Oh, and some NATO countries fly MIGs.

Why not just stick a troll inside and convince him it's just a game? Trolls iz cheap. Or pigeons.

BNP leaked list claims first victims




“I disapprove of what you say, but I will defend to the death your right to say it.”

Which is not a direct quote from Voltaire, merely a paraphrase.

There are two contradictory arguments are work:-

1) Groups/beliefs that "we" disapprove of should be starved of the oxygen of publicity

2) Groups/beliefs that "we" disapprove of should be allowed to allowed to exist, but their beliefs should be the subject of discussion and criticism. Even ridicule.

I don't believe in special pleadings for certain religious beliefs. But I do believe in respect.

Linux weaktops poised for death by smartphone

Thumb Down

So what?

Smart phones? For me, carrying a smartphone would be like having an albatross hung round my neck. Ignore the Jesus-Phone for a mo. The real evil of smart phones is push-email. I can't think of a more productivity sapping development. Executive management do little enough real work as it is with all those stupid meetings they go to. Give them smartphones and they'll never do anything again.

I do get real work done on my Eee PC 701. Although the keyboard is small, I can work with it, but I've got long slim fingers. Sausage handed friends struggle. The relatively low power of the CPU is not an issue when you consider how much of what people do with PCs is not particularly processor intensive.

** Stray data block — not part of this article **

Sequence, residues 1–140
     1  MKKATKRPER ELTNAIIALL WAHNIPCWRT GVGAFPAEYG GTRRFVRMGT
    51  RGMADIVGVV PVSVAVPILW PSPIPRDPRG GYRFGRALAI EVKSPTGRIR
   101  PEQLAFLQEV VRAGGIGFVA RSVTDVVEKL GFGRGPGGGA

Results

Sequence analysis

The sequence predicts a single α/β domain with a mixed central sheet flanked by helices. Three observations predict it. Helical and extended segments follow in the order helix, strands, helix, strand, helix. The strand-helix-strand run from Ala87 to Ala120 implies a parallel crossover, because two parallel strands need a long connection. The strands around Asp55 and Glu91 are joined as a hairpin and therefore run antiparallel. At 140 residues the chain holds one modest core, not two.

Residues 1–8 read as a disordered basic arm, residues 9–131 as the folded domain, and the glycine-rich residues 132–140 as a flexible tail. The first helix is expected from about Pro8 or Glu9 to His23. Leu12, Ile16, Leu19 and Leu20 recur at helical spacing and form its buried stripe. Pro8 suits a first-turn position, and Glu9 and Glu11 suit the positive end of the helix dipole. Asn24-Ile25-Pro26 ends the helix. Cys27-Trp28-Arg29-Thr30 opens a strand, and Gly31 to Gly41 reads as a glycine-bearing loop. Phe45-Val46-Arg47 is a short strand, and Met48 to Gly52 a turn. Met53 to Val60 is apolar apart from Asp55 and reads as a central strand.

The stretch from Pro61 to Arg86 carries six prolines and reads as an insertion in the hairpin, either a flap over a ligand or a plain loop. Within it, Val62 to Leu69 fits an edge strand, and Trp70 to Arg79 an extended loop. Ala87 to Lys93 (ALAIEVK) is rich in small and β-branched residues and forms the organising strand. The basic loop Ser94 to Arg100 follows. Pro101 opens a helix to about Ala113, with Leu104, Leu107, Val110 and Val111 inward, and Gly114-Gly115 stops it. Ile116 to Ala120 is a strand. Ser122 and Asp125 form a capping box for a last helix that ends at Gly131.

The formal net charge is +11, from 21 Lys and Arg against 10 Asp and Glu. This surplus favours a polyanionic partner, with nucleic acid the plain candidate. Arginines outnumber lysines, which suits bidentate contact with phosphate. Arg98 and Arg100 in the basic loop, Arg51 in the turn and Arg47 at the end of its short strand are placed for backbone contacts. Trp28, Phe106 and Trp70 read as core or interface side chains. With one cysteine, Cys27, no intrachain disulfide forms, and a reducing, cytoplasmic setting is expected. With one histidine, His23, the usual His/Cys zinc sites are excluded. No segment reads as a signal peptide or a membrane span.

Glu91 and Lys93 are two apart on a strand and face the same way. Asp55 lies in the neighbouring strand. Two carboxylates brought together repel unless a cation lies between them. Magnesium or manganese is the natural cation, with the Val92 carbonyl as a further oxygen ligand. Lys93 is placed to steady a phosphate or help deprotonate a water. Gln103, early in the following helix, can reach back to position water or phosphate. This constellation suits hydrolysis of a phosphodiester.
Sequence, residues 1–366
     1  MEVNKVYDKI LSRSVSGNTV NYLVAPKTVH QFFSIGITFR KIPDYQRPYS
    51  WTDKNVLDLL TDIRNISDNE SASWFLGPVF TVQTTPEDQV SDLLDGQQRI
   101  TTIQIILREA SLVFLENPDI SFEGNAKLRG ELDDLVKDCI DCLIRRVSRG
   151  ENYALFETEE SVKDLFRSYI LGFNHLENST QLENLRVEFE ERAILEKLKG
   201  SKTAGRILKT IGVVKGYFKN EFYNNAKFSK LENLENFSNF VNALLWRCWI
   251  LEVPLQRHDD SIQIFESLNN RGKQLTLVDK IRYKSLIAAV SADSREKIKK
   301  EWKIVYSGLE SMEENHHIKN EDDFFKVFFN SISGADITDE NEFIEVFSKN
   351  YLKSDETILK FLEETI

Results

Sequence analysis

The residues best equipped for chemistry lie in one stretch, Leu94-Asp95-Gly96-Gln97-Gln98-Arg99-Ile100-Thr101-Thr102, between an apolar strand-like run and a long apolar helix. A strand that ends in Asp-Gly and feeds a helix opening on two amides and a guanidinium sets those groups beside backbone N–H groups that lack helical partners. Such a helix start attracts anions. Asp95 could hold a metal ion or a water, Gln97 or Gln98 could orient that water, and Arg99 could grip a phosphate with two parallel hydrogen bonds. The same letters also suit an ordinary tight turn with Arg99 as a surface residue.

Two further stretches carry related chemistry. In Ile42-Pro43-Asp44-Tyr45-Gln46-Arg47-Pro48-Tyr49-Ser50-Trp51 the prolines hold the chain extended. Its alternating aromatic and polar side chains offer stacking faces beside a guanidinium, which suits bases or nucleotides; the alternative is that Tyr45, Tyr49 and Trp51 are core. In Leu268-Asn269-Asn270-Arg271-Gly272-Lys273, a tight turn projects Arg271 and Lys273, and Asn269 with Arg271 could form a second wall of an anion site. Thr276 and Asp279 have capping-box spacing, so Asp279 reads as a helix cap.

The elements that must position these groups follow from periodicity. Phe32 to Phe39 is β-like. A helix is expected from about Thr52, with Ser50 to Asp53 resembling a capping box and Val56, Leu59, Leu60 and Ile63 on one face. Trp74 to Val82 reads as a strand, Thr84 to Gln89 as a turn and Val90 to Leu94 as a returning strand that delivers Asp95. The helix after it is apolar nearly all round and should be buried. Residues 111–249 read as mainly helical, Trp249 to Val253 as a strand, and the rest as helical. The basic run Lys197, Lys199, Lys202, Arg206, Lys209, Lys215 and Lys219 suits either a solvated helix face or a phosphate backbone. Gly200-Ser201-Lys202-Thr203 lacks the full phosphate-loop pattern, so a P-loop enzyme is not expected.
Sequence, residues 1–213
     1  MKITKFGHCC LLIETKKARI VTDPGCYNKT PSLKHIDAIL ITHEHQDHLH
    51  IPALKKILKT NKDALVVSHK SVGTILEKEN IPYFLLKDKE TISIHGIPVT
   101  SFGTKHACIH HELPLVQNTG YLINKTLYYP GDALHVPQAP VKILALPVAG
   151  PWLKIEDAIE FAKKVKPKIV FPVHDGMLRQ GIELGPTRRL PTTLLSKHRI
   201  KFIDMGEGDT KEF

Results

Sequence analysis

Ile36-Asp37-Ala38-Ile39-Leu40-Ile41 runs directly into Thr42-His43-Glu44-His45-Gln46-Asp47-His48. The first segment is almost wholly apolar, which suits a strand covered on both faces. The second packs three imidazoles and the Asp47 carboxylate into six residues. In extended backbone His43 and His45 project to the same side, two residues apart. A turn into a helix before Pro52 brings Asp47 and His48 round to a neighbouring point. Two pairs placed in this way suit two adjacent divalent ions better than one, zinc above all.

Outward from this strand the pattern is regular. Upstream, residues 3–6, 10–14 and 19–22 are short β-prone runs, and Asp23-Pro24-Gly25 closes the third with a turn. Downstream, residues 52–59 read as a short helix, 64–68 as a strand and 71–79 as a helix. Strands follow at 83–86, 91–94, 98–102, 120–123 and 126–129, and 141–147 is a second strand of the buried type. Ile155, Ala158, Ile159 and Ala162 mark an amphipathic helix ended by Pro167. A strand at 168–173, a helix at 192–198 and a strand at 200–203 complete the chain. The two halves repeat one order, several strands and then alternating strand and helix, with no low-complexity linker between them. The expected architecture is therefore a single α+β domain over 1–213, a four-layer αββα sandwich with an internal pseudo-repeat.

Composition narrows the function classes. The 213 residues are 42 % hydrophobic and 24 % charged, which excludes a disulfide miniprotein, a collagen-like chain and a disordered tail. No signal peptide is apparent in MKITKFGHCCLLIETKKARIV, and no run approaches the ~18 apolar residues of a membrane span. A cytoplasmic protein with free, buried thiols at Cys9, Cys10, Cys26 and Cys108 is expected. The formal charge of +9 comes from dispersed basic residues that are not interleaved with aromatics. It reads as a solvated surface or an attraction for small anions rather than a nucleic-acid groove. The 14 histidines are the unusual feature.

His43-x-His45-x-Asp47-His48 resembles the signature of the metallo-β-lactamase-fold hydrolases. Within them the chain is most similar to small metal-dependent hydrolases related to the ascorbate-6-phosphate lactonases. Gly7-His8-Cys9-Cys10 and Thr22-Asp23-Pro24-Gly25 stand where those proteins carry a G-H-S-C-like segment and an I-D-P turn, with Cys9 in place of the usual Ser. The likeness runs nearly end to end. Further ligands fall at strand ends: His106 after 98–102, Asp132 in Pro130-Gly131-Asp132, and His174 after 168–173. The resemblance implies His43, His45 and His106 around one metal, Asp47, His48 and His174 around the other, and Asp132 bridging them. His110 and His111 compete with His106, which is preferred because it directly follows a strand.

It's changed the way I work. I used to make lots of notes on paper and never do anything with them - retyping handwritten notes is not something that I enjoy. The incredibly fast start up time means that I can start typing in seconds- try doing that with a normal laptop. And I can put the notes to use.

I've got a PDA as well and I did use it with an infra-red keyboard with it, but the apps with Windows Mobile are crippleware compared to using a proper office suite on a laptot.


Endeavour launch heralds new dawn for piss-drinking



Would dehydrated turds burning up on re-entry be shiiting star?

I know that Mir stank inside of stale sweat and farts. But is not also the case that taste and smell don't work so good?

What was the name of the space chimp who beat himself off as stress-relief? I've worked with people like that.

McLaren teams up with chip firm for F1 hybrid tech


What would Jesus have said?

It used to be said that motorsport technology spin-offs found their way into production cars. It is now the case that many features found on production cars are banned in Formula 1.

KERS is pointless. If Formula 1 and motorsport in general want to improve their green credentials, the only way they can do this is by developing greener technologies that will find their way into production cars. KERS is going to have zero impact on the environment given the huge energy costs associated with the whole of the Formula 1 circus.

At the end of the day, what it boils down to is reducing usage and dependence on fossil fuels. Maybe Formula 1 could switch to bio-fuels? Or go a lot further down the hybrid route and drive the wheels directly with electric motors. Reducing the amount of fuel that a car is allowed to use during a race would be a good first step.

And some of the banned technologies should be allowed back if they enhance fuel economy.

And for those who says that it wouldn't work, that it would destroy the spectacle of Formula 1, erm, what do those Le Mans winning Audis run on?